[229] H.R. 339, 108th Cong. § 4(5)(B)(i) and (ii) (2003).

[230] It could be argued that a person would still have had to consume that food in excess and would still have difficulty negating other contributing factors before they could pinpoint the reckless advertisement as the proximate cause of the injury.

[231] H.R. 339, 108th Cong. § 4(3).

[232] Personal Responsibility in Food Consumption Act: Hearing on H.R. 339, supra note 19, at H963 (statement of Rep. Jay Inslee explaining, “If someone refuses to honor the legal mandate for conduct that the U.S. Congress imposed due to inattention or negligence, there is legal responsibility for that.”).

[233] H.R. 339, § 4(5)(B)(i) and (ii) (2003).

[234] H.R. 339, § 3 (c)(1) (2003). The bill does specify that parties can make a motion for particularized discovery in order to preserve evidence and prevent undue prejudice.

[235] Morrissey, supra note 179 (quoting plaintiff’s attorney, John Banzhaf).

[236] Barring Frivolous Lawsuits: Hearing on H.R. 339 , supra note 14.

[237] Barring Frivolous Lawsuits: Hearing on H.R. 339 , supra note 14.

[238] Fast-Food Super, supra note 196.

[239] Personal Responsibility in Food Consumption Act: H.R. 339, supra note 19, at H949 (Rep. Kay Granger, R- Tex, noting that “not one American will lose weight until they eat better and exercise more frequently”).

[240] Rogers, supra note 2, at 864.

[241] Cowley & Underwood, supra note 12 (“Unfortunately, no one can afford to promote spinach or bell peppers the way snackmakers promote their goods. McDonald’s spent $1.1 billion on advertising in 2001. That same year, the budget for the government’s pro-vegetable ‘5 a Day for Better Health’ program was $1.1 million. Not surprisingly, only 23 percent of U.S. adults were meeting the five-a-day target at last count.”).

[242] Rogers,supra note 2, at 877 (citations omitted).

[243] H.R. REP. NO . 108-432, at 5.

[244] H.R. REP. NO . 108-432, at 7, citing New York Times Co. v. Sullivan , 736 U.S. 254, 271 (1964) (quoting James Madison).

[245] Fast-Food Super Sizing and Common Sense Consumption, Statement of Dr. Gerard J. Musante, CEO and Founder, Structure House Before Subcomm. on Admin. Oversight and the Courts, Comm. on Senate Judiciary , 108th Cong. (Oct. 16, 2003).

[246] Fast-Food Super Sizing and Common Sense Consumption , Statement of Dr. Gerard J. Musante, CEO and Founder, Structure House , at *2

[247] Personal Responsibility in Food Consumption Act, Hearing on H.R. 339, supra note 19 at H946 (statement of Rep. Jim Sensebrenner, Chair, House Comm. on the Judiciary) and H952 (statement of Rep. Robert Hayes), available at http://thomas.loc.gov/cgi-bin/query/C?r108:./temp/~r108ZSPvDf . See also, Fast-Food Super Sizing and Common Sense Consumption, Statement of Dr. Gerard J. Musante, CEO and Founder, Structure House Before Subcomm. on Admin. Oversight and the Courts, Comm. on Senate Judiciary , 108th Cong. (Oct. 16, 2003).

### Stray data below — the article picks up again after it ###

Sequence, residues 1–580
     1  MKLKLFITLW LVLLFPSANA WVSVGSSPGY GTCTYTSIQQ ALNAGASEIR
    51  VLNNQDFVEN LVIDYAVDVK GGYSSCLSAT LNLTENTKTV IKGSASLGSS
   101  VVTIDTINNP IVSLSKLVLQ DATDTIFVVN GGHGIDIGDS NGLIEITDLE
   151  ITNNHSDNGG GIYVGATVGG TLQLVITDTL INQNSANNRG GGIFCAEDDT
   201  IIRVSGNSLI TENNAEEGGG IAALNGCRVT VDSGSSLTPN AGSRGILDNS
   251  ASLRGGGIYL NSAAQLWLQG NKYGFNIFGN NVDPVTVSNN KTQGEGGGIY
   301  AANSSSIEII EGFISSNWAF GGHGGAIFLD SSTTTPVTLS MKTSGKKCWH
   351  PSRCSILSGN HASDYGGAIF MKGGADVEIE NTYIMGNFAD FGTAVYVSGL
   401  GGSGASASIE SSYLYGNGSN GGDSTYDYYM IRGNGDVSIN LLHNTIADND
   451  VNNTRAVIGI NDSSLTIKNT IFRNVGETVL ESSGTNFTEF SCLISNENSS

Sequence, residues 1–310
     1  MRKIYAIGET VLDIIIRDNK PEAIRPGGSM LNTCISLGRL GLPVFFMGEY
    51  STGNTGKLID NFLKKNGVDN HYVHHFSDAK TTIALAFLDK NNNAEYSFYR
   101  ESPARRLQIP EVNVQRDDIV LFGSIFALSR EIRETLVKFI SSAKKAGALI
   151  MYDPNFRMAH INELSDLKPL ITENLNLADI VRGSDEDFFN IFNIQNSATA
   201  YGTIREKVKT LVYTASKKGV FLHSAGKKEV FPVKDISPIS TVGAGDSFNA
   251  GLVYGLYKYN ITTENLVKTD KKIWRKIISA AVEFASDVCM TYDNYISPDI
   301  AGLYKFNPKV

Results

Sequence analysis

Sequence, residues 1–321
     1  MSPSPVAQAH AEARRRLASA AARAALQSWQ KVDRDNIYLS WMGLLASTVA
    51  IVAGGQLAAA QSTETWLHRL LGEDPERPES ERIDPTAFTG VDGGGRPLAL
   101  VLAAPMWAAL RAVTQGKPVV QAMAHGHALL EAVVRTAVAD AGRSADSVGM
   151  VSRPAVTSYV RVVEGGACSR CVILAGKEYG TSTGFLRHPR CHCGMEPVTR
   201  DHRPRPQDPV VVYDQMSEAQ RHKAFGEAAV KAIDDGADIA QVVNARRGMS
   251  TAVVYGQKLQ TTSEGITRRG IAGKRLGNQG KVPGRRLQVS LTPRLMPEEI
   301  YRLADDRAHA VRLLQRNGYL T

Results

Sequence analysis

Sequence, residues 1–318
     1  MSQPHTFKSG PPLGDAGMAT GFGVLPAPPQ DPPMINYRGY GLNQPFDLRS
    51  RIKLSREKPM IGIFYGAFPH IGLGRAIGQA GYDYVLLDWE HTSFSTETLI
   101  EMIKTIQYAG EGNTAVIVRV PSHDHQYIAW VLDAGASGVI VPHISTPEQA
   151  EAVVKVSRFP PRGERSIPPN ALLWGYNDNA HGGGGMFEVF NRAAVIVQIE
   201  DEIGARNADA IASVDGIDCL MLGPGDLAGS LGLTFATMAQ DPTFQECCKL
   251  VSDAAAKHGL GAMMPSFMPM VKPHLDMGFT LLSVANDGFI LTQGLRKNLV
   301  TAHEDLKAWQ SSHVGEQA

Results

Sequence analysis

[248] Fast-Food Super Sizing and Common Sense Consumption, Statement of Dr. Gerard J. Musante, CEO and Founder, Structure House , at *3.

[249] U.S. Dep’t of Health and Human Services, supra note 4, available at http:/www.surgeongeneral.gov/topics/obesity. See also H.R. REP. NO . 108-432, at 8 (“H.R. 339 will encourage society to focus on the true cause of obesity: a lack of exercise.”); Personal Responsibility in Food Consumption Act: H.R. 339, supra note 19 at H947 (statement of Rep. Jim Sensebrenner, Chair, House Comm. on the Judiciary, referring to statement by Susan Finn, chairman of the American Council for Fitness and Nutrition).

[250] Cochran, supra note 115 (suggesting that the effects of second hand smoke on innocent bystanders, rather than consumers, is a unique factor which makes Big Tobacco more demonized and culpable).

[251] Cohan, supra note 165 (explaining that “[j]uries in the tobacco cases considered the voluntary nature of the plaintiff’s conduct but nonetheless imposed liability.”). But see Johnson v. Philip Morris, et al., 159 F. Supp.2d 950, 953 (2001) (granting Defendant’s Motion for Judgment on the Pleadings) (“The law recognizes that along with freedoms and rights enjoyed by citizens of the United States comes personal responsibility. For well over twenty years, the American public has been so saturated with information regarding the risks associated with smoking that even the most disinterested, uninformed citizen is aware that cigarette smoking is harmful to one’s health....Those who have continued to smoke, the law deems, have done so, however tragically, at their own risk.”) (citations omitted).

[252] Rick Blizzard, Do Unhealthy Americans Get Too Much Respect? , The Gallup Poll, Sept. 16, 2003, available at http://www.gallup.com/content/login.aspx?ci=9265. The poll also indicates that Americans are not less likely to respect smokers or alcohol drinkers.

[253] Personal Responsibility in Food Consumption Act: Hearing on H.R. 339, supra note 19, at H948

[254] H.R. Rep. 108-432 at 26, referring to new FDA requirements of food labels with trans fats contents information.

[255] Morrissey, supra note 179.

[256] Bill Summary and Status for the 108th Cong.: H.R. 339, available at http://thomas.loc.gov/cgi-bin/bdquery/z?d108:HR00339:@@@S (2004).

[257] Pelman I , 237 F. Supp. 2d at 516.

[258] Glenn H. Reynolds, The Evolving Police Power: Some Observations For A New Century , 27 Hastings Const. L. Q. 511, 529 (2000).